The Council of TCDSU voted tonight in favour of the Union adopting a formal stance in favour of decriminalisation of drugs. The first meeting of the Union’s Council, which took place this evening in the Trinity Biomedical Sciences Institute (TBSI) on Pearse St.
The motion was proposed by Robert Keogh, Chair of the Union’s Drug Policy Lobby Group. Keogh outlined the implications of the policy, which would see the SU taking a “public health approach” to the issue. He said that he was shocked when beginning his work with the Lobby Group that the Union had no stance one way or the other on the issue of decriminalisation, and that a mandate from Council would greatly aid the Group’s work. He noted also that a USI report has already recommended such a stance, and that at a time when national drug policy was being considered and formulated, “I want our voices to be heard on a national level”.
Keogh said that a vote would mandate TCDSU to support a policy similar to that adopted already in Portugal, where possession of small quantities of drugs for personal use has been decriminalised since 2001. He referred also to policy in the Netherlands, where a similar policy has been instituted, with drug analysis centres allowing drug use to be safer and more hygienic. Decriminalisation “ensures a safer society” he said.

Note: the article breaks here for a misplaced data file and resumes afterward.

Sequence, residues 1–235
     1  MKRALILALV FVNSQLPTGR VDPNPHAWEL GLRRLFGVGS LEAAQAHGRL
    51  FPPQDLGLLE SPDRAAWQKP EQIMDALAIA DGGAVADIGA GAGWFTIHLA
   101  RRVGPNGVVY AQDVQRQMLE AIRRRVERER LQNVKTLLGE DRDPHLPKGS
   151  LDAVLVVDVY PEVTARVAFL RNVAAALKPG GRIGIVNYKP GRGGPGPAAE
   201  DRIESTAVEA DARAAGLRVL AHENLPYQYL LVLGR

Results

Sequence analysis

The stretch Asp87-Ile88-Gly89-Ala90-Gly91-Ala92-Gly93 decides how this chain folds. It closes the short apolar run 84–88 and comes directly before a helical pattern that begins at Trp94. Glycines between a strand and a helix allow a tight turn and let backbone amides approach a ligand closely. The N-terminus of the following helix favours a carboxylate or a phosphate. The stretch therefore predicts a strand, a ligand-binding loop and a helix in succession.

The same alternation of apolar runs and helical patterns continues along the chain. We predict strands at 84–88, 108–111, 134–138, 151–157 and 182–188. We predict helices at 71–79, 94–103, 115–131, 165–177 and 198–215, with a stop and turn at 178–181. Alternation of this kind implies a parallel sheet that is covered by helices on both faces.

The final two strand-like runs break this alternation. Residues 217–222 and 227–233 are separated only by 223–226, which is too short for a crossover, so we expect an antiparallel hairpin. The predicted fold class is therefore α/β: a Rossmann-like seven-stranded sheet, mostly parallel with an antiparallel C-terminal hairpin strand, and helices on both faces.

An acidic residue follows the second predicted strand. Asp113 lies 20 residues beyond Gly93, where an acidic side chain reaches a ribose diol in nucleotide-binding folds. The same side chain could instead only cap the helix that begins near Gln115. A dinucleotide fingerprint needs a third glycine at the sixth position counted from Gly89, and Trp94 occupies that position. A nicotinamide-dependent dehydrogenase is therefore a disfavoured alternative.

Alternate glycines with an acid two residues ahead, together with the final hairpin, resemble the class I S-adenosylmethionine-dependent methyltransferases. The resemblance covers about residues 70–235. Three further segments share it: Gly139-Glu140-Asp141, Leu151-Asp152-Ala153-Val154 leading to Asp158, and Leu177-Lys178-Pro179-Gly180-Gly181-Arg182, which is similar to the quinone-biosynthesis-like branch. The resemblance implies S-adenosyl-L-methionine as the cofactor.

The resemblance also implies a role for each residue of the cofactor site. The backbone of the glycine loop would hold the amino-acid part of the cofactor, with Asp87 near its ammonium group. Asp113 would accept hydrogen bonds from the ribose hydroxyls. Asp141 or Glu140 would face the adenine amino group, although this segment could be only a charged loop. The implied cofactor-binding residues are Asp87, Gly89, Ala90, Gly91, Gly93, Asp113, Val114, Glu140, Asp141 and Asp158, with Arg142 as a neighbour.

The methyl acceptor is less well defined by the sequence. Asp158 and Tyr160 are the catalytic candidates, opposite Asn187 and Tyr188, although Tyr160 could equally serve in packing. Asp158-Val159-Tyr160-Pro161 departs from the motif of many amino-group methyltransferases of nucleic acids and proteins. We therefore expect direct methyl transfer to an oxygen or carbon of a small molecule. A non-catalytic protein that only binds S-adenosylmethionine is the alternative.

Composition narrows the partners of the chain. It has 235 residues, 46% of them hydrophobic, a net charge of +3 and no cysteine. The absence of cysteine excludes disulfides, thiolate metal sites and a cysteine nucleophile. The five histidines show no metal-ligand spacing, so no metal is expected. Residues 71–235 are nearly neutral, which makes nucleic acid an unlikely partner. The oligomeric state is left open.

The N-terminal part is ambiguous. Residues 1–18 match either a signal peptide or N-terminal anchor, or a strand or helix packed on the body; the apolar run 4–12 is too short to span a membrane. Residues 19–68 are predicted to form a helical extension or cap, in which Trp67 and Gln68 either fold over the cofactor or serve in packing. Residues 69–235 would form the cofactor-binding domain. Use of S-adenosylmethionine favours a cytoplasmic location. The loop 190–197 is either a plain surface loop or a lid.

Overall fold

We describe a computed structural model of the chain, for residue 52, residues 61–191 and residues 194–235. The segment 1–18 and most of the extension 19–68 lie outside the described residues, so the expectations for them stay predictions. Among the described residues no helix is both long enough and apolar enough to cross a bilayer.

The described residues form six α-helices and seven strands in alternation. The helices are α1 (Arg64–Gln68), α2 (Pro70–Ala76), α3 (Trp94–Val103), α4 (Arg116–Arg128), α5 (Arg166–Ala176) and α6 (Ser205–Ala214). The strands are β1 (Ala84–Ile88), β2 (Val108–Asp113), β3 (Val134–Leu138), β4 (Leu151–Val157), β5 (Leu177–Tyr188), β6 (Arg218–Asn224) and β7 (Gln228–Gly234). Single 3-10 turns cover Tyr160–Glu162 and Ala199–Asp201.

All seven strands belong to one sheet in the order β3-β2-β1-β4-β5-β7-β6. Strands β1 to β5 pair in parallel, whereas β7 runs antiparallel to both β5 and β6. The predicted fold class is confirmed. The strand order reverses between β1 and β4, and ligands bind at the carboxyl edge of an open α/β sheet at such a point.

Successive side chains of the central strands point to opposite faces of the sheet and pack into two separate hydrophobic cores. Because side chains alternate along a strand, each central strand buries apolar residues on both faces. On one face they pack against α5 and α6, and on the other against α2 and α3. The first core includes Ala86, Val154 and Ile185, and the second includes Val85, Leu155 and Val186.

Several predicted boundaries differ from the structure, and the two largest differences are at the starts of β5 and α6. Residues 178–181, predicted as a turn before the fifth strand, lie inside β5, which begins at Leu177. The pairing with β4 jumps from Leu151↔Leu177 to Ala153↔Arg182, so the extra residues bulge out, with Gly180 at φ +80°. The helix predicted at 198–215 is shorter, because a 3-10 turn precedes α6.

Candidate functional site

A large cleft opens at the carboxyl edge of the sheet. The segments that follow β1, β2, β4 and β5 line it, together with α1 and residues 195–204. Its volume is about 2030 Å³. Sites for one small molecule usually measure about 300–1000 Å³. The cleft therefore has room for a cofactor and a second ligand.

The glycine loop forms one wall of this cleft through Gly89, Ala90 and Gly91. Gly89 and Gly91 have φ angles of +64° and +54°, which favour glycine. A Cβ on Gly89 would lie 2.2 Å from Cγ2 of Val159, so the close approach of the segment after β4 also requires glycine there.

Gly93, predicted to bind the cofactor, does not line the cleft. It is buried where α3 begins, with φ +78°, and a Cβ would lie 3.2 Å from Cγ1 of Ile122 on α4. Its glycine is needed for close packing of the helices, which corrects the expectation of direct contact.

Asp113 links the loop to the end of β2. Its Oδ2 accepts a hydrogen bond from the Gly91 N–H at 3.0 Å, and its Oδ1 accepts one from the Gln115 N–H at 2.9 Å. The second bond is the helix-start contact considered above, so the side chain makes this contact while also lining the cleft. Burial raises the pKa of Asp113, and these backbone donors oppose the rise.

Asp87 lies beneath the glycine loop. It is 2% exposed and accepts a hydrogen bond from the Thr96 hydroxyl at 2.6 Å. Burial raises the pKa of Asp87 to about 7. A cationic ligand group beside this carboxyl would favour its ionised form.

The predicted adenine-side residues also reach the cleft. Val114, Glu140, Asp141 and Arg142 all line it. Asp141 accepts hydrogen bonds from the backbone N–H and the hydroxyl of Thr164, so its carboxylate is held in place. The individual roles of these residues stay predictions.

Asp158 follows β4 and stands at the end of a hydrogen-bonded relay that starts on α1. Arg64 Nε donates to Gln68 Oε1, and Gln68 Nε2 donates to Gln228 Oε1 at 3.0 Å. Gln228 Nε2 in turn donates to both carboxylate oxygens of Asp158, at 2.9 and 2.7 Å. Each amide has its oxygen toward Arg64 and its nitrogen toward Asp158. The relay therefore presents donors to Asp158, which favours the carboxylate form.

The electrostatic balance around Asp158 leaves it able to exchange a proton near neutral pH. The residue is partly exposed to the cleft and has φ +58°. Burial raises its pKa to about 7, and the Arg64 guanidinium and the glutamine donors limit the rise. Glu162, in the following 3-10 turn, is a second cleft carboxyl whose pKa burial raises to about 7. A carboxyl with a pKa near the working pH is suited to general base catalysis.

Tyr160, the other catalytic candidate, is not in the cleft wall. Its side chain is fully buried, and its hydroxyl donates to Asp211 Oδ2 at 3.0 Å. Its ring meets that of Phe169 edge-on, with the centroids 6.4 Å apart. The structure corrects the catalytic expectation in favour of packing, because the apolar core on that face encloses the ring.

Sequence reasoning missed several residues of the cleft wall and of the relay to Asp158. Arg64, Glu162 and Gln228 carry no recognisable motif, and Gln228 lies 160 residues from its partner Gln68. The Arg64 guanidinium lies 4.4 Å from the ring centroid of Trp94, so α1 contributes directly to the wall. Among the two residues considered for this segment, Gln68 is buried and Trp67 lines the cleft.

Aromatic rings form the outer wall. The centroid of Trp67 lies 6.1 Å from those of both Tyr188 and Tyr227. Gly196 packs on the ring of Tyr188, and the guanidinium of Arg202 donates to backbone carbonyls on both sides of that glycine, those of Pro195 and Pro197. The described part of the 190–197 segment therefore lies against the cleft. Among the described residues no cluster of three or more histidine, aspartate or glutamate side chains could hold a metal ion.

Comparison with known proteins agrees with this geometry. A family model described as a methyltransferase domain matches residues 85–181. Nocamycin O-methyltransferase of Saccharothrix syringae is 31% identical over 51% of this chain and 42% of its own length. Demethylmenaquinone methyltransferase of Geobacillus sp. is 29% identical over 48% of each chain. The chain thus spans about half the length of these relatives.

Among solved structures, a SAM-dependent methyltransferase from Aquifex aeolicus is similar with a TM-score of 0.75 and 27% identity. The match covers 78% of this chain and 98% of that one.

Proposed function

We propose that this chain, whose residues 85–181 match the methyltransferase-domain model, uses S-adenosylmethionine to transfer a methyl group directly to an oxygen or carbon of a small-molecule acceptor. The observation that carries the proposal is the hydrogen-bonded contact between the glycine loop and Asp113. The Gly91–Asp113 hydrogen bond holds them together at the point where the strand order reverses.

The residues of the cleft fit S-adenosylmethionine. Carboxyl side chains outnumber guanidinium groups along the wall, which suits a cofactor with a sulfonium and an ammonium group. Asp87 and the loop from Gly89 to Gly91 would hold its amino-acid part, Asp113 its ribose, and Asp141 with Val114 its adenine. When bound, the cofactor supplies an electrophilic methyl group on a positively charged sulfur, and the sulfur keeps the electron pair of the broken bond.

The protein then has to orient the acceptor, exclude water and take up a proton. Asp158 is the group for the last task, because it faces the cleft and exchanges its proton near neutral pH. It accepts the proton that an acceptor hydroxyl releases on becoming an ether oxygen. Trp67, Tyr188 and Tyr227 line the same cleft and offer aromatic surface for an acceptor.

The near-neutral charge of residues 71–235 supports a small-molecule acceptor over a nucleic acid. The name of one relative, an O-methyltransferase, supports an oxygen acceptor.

A small number of questions came from students. One asked whether other SUs have already adopted a similar stance (USI have, though Keogh was unsure about individual college SUs). In response to a question regarding whether or not the stance would be in favour of decriminalising “all drugs”, Welfare and Equality Officer Aoibhin Loughlin urged people to look up the Portugese policy to get a sense of what was being advocated.
After being put to a vote, the motion was easily carried.